Hana Highway

Hana Highway

On day five of our stay in Hawaii, we hopped in the car and headed for Hana.  The road to Hana is a pretty famous thoroughfare, known for its scenic vistas and waterfalls, as well as its cliff-hugging curves and decrepit-looking one lane bridges.  As it turned out, it wasn’t anything an Ozarks-trained driver couldn’t handle!  Craig was nice enough to let me drive since I get car sick, and on the few occasions that he did drive, I also found that I have a control issue when it comes to riding in cars in hilly/curvy conditions, especially when the car is being driven by someone more accustomed to 6 lane freeways and large truck driving.  I think what I am trying to say here is that we all have our driving specialities, and Hana Highway was made for me. Here’s  a little video of the road that Craig took as we got started:

On the way to Hana, we stopped in a few of the small towns along the way, but skipped most of the roadside hiking trails and waterfalls because they were packed with other tourists.  The roadway is already very narrow, and people had no problem pulling over so that 1/4 of their vehicle was in the ditch and the other 3/4 was still in the road.  No thanks.  We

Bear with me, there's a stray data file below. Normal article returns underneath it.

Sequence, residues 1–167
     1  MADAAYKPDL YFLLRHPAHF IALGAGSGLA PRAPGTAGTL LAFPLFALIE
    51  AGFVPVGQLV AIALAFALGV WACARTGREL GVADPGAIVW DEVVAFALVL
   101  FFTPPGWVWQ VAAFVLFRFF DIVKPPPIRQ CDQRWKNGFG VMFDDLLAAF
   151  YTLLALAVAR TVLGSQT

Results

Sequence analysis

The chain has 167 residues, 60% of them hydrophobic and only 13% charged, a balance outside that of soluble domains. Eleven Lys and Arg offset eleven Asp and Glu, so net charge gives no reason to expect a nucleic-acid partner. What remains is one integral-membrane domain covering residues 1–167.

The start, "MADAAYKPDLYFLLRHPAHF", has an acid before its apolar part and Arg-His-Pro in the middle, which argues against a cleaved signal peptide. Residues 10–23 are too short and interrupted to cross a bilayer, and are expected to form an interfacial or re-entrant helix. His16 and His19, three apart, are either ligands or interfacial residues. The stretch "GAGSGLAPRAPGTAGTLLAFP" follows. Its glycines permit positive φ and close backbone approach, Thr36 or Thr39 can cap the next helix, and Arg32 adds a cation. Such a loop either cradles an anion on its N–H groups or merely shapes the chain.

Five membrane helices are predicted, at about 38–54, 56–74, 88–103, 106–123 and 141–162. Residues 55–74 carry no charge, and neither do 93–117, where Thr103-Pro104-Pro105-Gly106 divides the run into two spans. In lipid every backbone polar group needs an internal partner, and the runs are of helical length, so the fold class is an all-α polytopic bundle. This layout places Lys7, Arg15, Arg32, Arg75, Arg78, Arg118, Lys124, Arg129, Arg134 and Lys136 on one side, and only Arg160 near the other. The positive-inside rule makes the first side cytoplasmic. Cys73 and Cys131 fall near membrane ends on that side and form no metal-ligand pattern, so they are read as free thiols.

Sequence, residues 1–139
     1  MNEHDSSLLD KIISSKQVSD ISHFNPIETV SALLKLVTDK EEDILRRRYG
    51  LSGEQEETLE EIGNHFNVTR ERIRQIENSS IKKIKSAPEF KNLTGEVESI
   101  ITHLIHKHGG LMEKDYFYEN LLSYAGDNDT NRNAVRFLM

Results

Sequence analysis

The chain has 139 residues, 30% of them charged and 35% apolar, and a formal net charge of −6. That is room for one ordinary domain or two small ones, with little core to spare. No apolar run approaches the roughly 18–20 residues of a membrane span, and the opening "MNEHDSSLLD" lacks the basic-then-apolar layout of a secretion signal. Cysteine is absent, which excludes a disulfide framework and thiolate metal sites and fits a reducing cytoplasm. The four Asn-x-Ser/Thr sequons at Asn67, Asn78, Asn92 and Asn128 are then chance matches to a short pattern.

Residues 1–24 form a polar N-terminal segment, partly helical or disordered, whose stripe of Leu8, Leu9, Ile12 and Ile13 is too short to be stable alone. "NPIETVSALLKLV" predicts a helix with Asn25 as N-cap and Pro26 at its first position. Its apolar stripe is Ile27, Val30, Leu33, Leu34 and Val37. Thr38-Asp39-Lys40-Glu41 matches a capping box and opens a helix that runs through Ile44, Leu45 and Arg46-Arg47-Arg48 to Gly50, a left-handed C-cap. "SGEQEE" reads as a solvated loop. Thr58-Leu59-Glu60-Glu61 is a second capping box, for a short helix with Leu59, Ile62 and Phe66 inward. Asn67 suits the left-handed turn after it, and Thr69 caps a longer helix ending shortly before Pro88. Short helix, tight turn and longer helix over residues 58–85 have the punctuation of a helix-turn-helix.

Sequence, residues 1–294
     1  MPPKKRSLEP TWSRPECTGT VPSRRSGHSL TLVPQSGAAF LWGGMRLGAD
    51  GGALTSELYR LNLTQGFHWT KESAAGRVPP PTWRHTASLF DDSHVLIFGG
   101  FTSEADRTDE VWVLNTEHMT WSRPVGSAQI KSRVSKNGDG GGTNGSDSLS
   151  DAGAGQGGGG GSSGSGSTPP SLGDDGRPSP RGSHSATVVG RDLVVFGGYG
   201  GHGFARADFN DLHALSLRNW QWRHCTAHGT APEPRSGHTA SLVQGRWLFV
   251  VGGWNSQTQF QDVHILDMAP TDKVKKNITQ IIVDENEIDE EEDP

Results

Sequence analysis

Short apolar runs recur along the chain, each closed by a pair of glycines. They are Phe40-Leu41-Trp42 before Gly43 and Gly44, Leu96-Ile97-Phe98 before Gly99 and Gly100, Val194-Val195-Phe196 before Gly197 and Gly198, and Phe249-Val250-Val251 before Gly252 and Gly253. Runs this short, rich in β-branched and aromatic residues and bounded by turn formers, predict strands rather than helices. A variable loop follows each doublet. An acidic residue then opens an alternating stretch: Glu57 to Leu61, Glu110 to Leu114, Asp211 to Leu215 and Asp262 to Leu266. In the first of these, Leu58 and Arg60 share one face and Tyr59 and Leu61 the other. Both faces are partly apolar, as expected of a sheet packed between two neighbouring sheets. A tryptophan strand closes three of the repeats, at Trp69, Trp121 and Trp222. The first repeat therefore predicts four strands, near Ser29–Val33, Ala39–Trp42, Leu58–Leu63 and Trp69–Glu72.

Apparently you -can- get to heaven from Hana

Apparently you -can- get to heaven from Hana

did stop at roadside stands to partake in banana bread and coconut juice.   We also stopped at a couple roadside parks which actually had parking lots and not so nice restrooms.

We arrived in Hana around lunch time and stopped at a beautiful Waianapanapa State Park to eat our picnic lunch of goober pb&j on Hawaiian sweetbread and apples.  We perched atop a hill in a little grove of trees, watching the waves crashing on the rocky coast, birds cruising on the sea breezes, and visitors enjoying the small black sand beach. There is camping available in the park, so if we go to Hana again, we’ll be bringing our sleeping bags!

After lunch in the park, we stopped at the Hotel Hana Maui and visited their art gallery.  It was a

Hotel Hana Maui

Hotel Hana Maui

wonderful collection, and as soon as we win the lottery we’ll be heading back there to take some of the art home with us.  The grounds of the hotel were very beautiful, calm, and quiet.